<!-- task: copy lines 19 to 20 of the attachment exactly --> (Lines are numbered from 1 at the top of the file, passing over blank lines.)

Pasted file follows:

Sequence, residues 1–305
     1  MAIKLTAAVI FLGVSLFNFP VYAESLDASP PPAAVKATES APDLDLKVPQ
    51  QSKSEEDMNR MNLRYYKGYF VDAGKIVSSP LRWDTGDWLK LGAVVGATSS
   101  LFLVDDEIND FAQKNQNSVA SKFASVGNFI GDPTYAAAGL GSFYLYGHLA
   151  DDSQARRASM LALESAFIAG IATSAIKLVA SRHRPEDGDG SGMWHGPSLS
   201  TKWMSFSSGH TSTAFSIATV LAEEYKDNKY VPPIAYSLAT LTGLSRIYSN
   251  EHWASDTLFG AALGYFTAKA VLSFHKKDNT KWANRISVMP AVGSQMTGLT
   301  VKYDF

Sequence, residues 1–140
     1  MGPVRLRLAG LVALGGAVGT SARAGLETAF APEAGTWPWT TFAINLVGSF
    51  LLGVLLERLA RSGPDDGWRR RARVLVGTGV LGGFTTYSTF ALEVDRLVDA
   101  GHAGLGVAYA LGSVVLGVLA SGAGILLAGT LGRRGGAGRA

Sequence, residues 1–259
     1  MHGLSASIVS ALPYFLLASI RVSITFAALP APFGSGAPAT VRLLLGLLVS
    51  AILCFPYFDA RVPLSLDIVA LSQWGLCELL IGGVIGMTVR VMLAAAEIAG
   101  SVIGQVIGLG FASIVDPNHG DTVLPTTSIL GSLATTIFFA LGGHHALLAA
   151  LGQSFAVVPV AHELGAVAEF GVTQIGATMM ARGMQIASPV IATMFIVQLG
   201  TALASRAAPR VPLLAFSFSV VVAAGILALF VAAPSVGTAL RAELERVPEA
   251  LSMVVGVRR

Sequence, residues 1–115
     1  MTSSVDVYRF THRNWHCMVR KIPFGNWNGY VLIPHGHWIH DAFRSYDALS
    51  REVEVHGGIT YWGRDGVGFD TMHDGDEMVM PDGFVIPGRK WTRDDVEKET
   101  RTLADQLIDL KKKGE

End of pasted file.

   251  LSMVVGVRR

Sequence, residues 1–115